The Ho Chi Minh City-Long Thanh-Dau Giay Expressway, one of the projects built by South Korea's POSCO Engineering & Construction Co. Photo: Diep Duc Minh
South Korean authorities are investigating alleged slush fund operated by executives of POSCO Engineering & Construction Co. (POSCO E&C) in expressway projects in Vietnam, local media reported.
Chung Joon-yang, POSCO Group’s former chairman, and several former and imcubent executives have been banned from leaving the country since mid-March as investigations are ongoing, the Korea Times reported.
According to prosecutors, some POSCO E&C executives in charge of projects in Vietnam allegedly created slush funds worth 10 billion won (US$8.9 million) by inflating the costs of building ODA-funded expressways in Vietnam from 2009 to 2012 in collusion with local subcontractors.
The company said it had detected the funds during its own inspection earlier and took disciplinary action against those involved, saying the money was used as kickbacks to contractors there.
However, prosecutors are looking into the possibility that the group was involved in the slush fund systematically and that part of the money was transferred back to South Korea, which POSCO denies.
On March 26, an executive surnamed Park, who headed POSCO E&C’s Vietnamese unit from 2009 to 2011, was arrested for allegedly pocketing 4 billion won ($3.5 million) of the slush fund, according to the Seoul Central District Prosecutors’ Office.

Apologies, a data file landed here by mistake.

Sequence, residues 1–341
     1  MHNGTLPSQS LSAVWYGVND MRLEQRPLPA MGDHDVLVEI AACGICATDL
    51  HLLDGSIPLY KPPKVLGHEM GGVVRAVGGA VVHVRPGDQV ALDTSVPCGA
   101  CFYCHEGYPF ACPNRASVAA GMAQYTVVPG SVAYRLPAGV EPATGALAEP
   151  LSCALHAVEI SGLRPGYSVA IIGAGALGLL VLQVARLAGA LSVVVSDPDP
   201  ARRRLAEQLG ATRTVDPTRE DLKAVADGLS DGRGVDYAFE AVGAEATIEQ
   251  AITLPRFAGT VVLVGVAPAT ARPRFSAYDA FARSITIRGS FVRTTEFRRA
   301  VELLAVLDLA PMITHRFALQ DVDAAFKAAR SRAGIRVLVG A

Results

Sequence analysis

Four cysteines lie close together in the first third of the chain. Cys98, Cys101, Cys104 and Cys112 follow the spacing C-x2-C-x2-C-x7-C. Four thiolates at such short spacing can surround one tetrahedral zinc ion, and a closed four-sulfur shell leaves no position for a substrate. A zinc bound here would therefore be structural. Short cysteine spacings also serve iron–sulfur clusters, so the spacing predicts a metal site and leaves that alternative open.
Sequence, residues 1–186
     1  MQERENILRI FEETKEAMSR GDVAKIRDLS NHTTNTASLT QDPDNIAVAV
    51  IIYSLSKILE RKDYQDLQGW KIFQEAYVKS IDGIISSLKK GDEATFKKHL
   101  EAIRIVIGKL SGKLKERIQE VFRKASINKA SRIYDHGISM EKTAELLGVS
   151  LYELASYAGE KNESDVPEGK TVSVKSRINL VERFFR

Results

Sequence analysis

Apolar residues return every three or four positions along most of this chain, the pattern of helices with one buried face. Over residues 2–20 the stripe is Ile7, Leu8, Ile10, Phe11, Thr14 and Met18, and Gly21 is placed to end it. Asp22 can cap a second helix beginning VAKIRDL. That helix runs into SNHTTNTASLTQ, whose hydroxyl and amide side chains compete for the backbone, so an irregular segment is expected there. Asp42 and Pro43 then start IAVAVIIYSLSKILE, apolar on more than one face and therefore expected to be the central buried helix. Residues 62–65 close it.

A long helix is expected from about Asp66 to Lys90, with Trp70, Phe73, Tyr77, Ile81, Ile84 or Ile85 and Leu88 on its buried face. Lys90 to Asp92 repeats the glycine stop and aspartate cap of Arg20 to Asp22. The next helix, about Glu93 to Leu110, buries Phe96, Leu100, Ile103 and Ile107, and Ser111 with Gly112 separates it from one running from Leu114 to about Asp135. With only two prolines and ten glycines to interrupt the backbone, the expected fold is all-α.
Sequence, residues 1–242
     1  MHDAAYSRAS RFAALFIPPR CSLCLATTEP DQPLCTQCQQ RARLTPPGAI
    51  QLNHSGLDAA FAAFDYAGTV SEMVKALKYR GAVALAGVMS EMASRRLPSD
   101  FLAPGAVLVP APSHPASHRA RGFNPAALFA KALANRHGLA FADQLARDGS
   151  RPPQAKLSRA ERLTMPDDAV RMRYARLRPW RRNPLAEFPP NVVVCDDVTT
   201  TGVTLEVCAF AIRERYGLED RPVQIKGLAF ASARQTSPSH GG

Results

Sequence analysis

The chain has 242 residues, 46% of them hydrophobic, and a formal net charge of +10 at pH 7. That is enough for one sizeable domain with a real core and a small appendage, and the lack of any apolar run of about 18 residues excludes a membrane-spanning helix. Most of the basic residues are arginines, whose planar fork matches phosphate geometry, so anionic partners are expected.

Prosecutors are also looking into the alleged involvement of three subcontractors of POSCO E&C, including Heungwoo Industrial, in the establishment of the slush fund.
Heungwoo was a major business partner of POSCO E&C in the latter's troubled Vietnam operations.
Its subsidiaries – Heungwoo Vina and Yongha Vina – are the suppliers of materials for expressway projects in Vietnam.
In Vietnam, POSCO E&C ventured with the Vietnam Expressway Corporation (VEC) to build the 55-km Ho Chi Minh City-Long Thanh-Dau Giay Expressway connecting HCMC and Dong Nai Province and the Noi Bai-Lao Cai Expressway linking Hanoi and Lao Cai Province.
Both projects lagged behind schedule.
Only a couple of weeks before the launch of the first section of the Ho Chi Minh City-Long Thanh-Dau Giay Expressway in 2013, Thanh Nien found that many of its materials had been siphoned off, which prompted police to launch an investigation.
Three companies and 11 people, including foreigners, were penalized in the case that has raised suspicions of graft and the siphoning-off of construction materials in large infrastructure projects.
Posco was also named among 57 contractors that failed to meet requirements while undertaking state-funded infrastructure projects in Vietnam, according to an annual ranking by the transport ministry last May.
The companies were assessed based on various categories ranging from their ability to mobilize staff and equipment, follow schedules, guarantee safety, settle payments and provide follow-up service after project completion.
Project investors and managers were also included in the rankings, which the Transport Ministry began in 2012 following multiple project delays caused by poorly organized contractors.